Music producers are often as talented as the artists they work with. They’re great at building and maintaining relationships; this might be through coaching and supporting the artists to ensure they are focused and motivated and can produce their best performances. Sometimes they need to be a diplomat as they try to keep both artist and record label happy when their creative visions conflict. If you’re an aspiring music producer wanting to turn your dream into a reality, you need to make sure you’ve got the right technology. Building a home recording studio doesn’t need to cost the earth; in fact, it’s often best to start with the essential items and expand/upgrade it up over time.
Here’s the list of everything you’ll need to get started.
The computer is the hub of your recording studio. It’s possible to use pretty much any desktop or laptop computer, but the processing speed should be as high as you can afford so it can cope with the production software you’re using. If portability of your studio is important to you, then a laptop may be best, although desktops tend to have higher processing power, which means you can record and listen to more tracks simultaneously. Whether you choose to use a Mac or a PC will come down to personal preference, but there is a lot of debate on the issue!
Digital Audio Workstation or DAW
Your DAW is the software you use to do the recording, editing, and mixing. The good news for complete novices is that there are free DAWs out there. Generally, they’re not recommended for long-term professional use, but they give you the chance to try them out before choosing which to spend your money on.
The audio interface unit sends the music into the computer when you’re recording and out of the computer when playing it back. You’ll need to make sure the interface you choose is compatible with your DAW and has enough processing power for what you’ll be recording. The simplest models will have 1 or 2 connecting ports while professional models can have 20 or more. It’s best to connect the audio interface to your computer with either USB or Firewire connectors. USBs are the cheaper option, but the Firewire delivers a faster transfer.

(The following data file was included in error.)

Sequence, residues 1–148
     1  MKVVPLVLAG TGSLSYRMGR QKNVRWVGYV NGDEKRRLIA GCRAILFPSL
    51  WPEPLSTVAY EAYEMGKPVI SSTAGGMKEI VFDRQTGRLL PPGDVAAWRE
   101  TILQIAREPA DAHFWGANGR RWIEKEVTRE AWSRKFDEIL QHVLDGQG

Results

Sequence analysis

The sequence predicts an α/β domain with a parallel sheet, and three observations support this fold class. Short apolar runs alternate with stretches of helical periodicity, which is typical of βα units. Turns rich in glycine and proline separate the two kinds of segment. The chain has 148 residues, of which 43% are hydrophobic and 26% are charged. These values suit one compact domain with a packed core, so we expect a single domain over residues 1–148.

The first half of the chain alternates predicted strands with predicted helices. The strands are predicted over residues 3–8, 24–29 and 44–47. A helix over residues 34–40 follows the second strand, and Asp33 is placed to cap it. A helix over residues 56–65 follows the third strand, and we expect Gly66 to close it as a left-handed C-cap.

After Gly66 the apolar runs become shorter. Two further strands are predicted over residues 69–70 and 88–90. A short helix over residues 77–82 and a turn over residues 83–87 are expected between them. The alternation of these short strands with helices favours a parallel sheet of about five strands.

At the most basic level, there are two main types of headphones to choose from and each offer different benefits:
- Closed back headphones deliver the best isolation but a lesser sound quality which makes them better for tracking.
- Open back headphones deliver the best sound quality but with less isolation which makes them better for mixing.
However, there are a lot of headphones on the market, and not all are created equal when it comes to sound quality. To make your decision a little more straightforward you can use a comparison website like Choosist to narrow down your headphone options based on the most critical factors like budget, style, and suitability for music production.
Microphone with Stand
There are various types of microphone to choose from including:
A Condenser microphone works better on high-frequency instruments like an acoustic guitar or piano, while a Dynamic microphone is better on low-mid frequency instruments like drums or electric guitars. This is a very simple differentiation, but for a beginner, it’s best to choose a microphone suited to the type of instruments you’ll be recording.
Studio monitors are speakers that have a particularly accurate response; this means that they don’t ‘color’ or distort the sound as much as consumer level speakers would. A pair of studio monitors give a cleaner sound so you can mix tracks with as much clarity as possible.
When you’re just starting, you’ll probably only need a long XLR cable for your microphone and a couple of shorter cables for your monitors.
The pop filter isn’t essential for a starter studio, but it’s not expensive either, so many aspiring music producers include it in their setup. It’s the mesh which covers the microphone to minimize vocal ‘popping’ of ‘Ps’ and ‘Bs.’